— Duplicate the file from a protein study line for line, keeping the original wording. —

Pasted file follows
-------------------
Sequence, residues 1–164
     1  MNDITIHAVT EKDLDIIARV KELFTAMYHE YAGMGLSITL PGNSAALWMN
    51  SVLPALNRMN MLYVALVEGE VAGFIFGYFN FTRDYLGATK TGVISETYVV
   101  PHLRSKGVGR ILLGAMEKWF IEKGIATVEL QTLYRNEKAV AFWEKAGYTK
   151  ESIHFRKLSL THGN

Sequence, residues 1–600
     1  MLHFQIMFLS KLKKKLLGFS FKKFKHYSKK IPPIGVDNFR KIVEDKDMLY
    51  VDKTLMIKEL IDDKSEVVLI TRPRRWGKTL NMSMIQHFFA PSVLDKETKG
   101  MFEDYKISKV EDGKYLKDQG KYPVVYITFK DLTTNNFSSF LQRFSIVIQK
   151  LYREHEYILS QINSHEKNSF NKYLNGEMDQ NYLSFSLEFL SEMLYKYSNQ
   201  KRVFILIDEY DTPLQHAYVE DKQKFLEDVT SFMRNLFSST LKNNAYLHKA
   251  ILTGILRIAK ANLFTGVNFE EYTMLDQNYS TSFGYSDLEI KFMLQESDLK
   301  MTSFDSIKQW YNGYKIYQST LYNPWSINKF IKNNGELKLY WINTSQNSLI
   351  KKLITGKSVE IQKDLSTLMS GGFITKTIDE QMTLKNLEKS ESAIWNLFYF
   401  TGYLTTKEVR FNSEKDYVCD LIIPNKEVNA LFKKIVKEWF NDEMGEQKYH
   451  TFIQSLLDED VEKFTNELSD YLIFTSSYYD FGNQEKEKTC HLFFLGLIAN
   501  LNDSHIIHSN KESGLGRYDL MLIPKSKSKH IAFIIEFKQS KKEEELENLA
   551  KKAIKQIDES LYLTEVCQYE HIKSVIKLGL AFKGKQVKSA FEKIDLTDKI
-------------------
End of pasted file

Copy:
Sequence, residues 1–164
     1  MNDITIHAVT EKDLDIIARV KELFTAMYHE YAGMGLSITL PGNSAALWMN
    51  SVLPALNRMN MLYVALVEGE VAGFIFGYFN FTRDYLGATK TGVISETYVV
   101  PHLRSKGVGR ILLGAMEKWF IEKGIATVEL QTLYRNEKAV AFWEKAGYTK
   151  ESIHFRKLSL THGN

Sequence, residues 1–600
     1  MLHFQIMFLS KLKKKLLGFS FKKFKHYSKK IPPIGVDNFR KIVEDKDMLY
    51  VDKTLMIKEL IDDKSEVVLI TRPRRWGKTL NMSMIQHFFA PSVLDKETKG
   101  MFEDYKISKV EDGKYLKDQG KYPVVYITFK DLTTNNFSSF LQRFSIVIQK
   151  LYREHEYILS QINSHEKNSF NKYLNGEMDQ NYLSFSLEFL SEMLYKYSNQ
   201  KRVFILIDEY DTPLQHAYVE DKQKFLEDVT SFMRNLFSST LKNNAYLHKA
   251  ILTGILRIAK ANLFTGVNFE EYTMLDQNYS TSFGYSDLEI KFMLQESDLK
   301  MTSFDSIKQW YNGYKIYQST LYNPWSINKF IKNNGELKLY WINTSQNSLI
   351  KKLITGKSVE IQKDLSTLMS GGFITKTIDE QMTLKNLEKS ESAIWNLFYF
   401  TGYLTTKEVR FNSEKDYVCD LIIPNKEVNA LFKKIVKEWF NDEMGEQKYH
   451  TFIQSLLDED VEKFTNELSD YLIFTSSYYD FGNQEKEKTC HLFFLGLIAN
   501  LNDSHIIHSN KESGLGRYDL MLIPKSKSKH IAFIIEFKQS KKEEELENLA
   551  KKAIKQIDES LYLTEVCQYE HIKSVIKLGL AFKGKQVKSA FEKIDLTDKI